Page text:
Po ventures to a competition where the Furious Five are performing an exhibition. It is there that Oogway will also crown one fighter as the sacred Dragon Warrior, a title that in this martial world basically is the highest station a fighter can achieve.
This is where we witness the first real action as Tigress (Angelina Jolie), Monkey (Jackie Chan), Mantis (Seth Rogen), Viper (Lucy Liu), and Crane (David Cross) perform while Po humorously struggles to get past a locked gate. As fate would have it, Po drops in just in time to be crowned the Dragon Warrior despite having no martial arts training.
Shifu is instructed to train Po and this leads us into the obligatory training sequences. After all, this is a martial arts movie in animated form. The design team constructed a terrific hall of horrors with spinning wooden dummies, spiked pendulums, and flaming floors. It’s like something out of a Joseph Kuo film such as THE 18 BRONZEMEN. The animators put their own unique spin on the scenario with a degree of light-hearted humor which beats the bloodied experiences of classic kung fu era stars like Carter Wong and Gordon Liu.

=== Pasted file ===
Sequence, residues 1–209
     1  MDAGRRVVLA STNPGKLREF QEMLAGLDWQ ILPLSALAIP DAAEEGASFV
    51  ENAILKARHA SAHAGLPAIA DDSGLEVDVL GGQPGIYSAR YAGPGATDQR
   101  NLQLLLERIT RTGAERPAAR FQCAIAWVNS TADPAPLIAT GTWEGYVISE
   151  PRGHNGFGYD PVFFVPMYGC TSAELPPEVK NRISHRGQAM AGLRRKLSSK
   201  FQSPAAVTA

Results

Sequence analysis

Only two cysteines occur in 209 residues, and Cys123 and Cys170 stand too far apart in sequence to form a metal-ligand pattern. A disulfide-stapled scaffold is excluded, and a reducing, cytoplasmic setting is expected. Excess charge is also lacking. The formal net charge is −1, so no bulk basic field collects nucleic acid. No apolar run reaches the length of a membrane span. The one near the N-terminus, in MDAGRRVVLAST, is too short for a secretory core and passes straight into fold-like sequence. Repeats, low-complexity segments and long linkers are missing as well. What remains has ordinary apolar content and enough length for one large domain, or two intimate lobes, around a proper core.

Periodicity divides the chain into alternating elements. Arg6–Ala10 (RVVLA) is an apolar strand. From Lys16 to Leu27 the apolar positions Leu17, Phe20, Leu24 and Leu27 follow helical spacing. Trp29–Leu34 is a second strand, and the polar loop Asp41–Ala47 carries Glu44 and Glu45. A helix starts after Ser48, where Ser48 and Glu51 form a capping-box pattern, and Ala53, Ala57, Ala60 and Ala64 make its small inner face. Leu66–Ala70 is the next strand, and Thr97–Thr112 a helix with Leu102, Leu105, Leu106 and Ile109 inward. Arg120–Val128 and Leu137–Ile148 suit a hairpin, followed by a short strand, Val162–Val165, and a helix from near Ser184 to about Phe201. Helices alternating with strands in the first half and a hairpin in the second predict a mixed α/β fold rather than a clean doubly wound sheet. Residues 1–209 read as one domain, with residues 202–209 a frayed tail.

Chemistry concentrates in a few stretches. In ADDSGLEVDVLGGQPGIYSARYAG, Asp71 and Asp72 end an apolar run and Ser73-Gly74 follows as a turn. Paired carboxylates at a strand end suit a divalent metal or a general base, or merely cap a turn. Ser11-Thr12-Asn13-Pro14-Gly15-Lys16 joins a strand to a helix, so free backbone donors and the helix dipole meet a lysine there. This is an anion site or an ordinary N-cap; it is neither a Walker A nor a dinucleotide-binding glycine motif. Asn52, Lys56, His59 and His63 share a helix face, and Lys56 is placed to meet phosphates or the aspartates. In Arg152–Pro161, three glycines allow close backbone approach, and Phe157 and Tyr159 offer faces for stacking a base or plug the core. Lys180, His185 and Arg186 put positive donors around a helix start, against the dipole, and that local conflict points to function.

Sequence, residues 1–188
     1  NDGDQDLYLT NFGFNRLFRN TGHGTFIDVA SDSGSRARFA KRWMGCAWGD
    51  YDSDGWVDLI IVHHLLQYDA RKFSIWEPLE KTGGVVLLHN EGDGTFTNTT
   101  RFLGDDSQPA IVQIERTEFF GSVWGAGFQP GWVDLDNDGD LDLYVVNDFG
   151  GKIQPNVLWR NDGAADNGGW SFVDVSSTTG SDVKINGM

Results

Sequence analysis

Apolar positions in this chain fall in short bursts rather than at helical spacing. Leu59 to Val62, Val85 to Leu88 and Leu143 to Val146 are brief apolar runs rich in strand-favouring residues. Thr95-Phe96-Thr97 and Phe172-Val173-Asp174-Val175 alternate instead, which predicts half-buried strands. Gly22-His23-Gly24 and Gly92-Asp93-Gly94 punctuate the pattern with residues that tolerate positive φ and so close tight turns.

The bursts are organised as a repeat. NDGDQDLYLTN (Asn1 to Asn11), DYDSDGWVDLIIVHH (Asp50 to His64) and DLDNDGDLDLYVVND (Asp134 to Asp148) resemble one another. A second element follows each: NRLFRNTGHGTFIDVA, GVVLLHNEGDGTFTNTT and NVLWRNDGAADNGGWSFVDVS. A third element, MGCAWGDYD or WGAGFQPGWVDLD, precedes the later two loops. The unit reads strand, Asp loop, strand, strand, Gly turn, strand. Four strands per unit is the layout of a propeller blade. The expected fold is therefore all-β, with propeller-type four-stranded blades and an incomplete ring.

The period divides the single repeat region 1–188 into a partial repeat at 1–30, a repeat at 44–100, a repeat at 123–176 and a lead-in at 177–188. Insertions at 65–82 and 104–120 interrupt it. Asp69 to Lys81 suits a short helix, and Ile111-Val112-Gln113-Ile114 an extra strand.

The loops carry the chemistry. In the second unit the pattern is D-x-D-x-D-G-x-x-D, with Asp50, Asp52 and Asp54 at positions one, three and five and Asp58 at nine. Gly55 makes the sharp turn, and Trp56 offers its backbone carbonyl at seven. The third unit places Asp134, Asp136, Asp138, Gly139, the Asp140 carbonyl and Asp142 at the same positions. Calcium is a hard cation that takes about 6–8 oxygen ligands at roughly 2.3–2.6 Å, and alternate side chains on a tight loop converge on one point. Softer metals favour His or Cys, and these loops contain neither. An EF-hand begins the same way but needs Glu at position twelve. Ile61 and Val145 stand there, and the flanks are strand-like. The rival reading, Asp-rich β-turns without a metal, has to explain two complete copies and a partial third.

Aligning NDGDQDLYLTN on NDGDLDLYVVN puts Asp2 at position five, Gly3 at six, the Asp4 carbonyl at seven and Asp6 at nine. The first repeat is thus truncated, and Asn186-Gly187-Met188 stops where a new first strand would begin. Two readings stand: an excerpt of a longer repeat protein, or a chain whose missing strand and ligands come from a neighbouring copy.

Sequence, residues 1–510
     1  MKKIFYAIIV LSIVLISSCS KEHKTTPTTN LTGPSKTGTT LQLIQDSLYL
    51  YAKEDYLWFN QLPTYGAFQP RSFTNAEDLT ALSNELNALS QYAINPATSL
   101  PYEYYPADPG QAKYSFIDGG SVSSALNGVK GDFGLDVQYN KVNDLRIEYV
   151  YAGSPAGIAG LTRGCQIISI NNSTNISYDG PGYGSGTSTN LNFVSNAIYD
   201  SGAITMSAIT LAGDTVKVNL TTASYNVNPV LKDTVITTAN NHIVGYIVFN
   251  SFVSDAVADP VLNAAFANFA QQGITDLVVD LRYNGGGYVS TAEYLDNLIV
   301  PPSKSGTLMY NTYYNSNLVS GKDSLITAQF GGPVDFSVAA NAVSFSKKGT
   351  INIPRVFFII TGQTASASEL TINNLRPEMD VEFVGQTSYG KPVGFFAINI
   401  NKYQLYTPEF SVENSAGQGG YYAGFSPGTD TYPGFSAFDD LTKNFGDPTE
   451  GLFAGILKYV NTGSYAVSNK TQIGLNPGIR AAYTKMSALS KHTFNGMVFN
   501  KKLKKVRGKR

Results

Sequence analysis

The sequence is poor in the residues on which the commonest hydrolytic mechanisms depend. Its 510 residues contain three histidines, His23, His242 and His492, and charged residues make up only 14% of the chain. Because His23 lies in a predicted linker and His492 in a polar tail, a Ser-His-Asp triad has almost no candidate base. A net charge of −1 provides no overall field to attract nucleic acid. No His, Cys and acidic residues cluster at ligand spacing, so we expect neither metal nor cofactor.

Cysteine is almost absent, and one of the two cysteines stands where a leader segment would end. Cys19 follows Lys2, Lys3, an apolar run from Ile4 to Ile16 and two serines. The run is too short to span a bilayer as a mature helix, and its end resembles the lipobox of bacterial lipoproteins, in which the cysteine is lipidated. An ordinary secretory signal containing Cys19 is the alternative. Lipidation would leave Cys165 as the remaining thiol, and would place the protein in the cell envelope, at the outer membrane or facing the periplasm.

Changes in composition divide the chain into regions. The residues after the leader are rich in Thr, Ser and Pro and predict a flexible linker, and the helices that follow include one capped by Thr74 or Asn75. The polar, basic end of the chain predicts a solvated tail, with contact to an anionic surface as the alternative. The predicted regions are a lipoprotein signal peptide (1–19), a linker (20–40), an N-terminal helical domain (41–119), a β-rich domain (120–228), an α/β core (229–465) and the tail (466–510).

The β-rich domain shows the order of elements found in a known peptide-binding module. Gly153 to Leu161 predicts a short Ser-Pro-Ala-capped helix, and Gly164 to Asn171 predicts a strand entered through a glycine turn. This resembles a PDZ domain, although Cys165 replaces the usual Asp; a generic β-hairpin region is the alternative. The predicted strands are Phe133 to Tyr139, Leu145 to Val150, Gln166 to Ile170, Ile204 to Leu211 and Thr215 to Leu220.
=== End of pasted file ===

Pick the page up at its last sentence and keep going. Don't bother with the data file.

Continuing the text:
The film later pays homage to more traditional comic training scenes in kung fu movies such as DRUNKEN MASTER when Po and Shifu discover a training regime involving food that works. They proceed to get down to serious business. Their escalating food fight over a bowl of dumplings is a blast.
A martial arts movie is only as good as its lead villain and KUNG FU PANDA scores by offering up the fierce Tai Lung, wonderfully voiced acted by DEADWOOD star Ian McShane. He’s a white tiger who was once Shifu’s prized pupil and is now locked up in a dungeon under heavy guard lead by a rhinoceros appropriately voiced by Michael Clarke Duncan (DAREDEVIL).